SAN FRANCISCO --A funeral for Kathryn Steinle, the 32-year-old woman shot and killed on a pier in San Francisco, was held Thursday.
Her accused killer had been deported five times, which has ignited debate over so-called "sanctuary cities," where undocumented immigrants are not turned over to federal authorities.
Steinle's death has brought proposals both in California's legislature and in Congress for laws that would force local governments to cooperate with federal immigration authorities. San Francisco's sanctuary ordinance largely prohibits city personnel from helping enforce immigration laws.
"It was never contemplated that our sanctuary city would give protection to serious repeat felony offenders," Mayor Ed Lee says.
San Francisco Sheriff Ross Mirkarimi insists he had no choice but to free Sanchez without alerting Immigration and Customs Enforcement, or ICE.
"Very literally, the spirit of that law tells us that we should not be communicating with ICE unless they have a court order or a warrant," Mirkarimi says.
"It just takes a simple phone call for that notification to happen," Lee counters.
San Francisco is not alone as a sanctuary city. Some 200 other jurisdictions across the country have similar policies.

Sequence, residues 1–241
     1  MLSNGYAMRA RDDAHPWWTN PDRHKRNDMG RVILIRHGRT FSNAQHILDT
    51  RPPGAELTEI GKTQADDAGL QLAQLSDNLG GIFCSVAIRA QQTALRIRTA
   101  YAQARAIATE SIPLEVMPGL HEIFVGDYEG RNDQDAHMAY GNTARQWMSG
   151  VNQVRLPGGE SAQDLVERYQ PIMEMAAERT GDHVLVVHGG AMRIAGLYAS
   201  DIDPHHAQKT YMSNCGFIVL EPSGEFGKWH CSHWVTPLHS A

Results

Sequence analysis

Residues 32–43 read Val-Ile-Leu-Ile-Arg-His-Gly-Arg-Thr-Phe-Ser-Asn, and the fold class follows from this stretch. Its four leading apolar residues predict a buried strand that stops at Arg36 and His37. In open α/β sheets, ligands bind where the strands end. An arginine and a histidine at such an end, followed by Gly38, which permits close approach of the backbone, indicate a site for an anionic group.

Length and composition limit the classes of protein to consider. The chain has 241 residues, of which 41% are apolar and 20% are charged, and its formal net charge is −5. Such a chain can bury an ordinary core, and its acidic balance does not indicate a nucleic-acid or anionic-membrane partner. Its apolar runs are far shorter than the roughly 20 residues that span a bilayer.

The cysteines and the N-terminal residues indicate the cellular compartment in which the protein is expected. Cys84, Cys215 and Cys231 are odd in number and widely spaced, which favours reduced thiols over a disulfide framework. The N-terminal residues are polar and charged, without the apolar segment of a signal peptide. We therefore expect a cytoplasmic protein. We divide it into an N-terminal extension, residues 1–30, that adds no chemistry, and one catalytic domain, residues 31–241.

In California over the last 18 months, more than 10,000 undocumented immigrants were released without federal authorities being notified.
Former U.S. Attorney Joe Russoniello has been critical of the city's sanctuary law since its inception in 1989.
"The ordinance is an attempt to have its own immigration policy," Russoniello says. "I mean, it shouldn't be surprising to anybody who's been around the town to see that San Francisco sees itself as an independent city state."
There are also calls for a review into how a repeat felon could have been released, but most San Francisco lawmakers are standing behind the sanctuary law.
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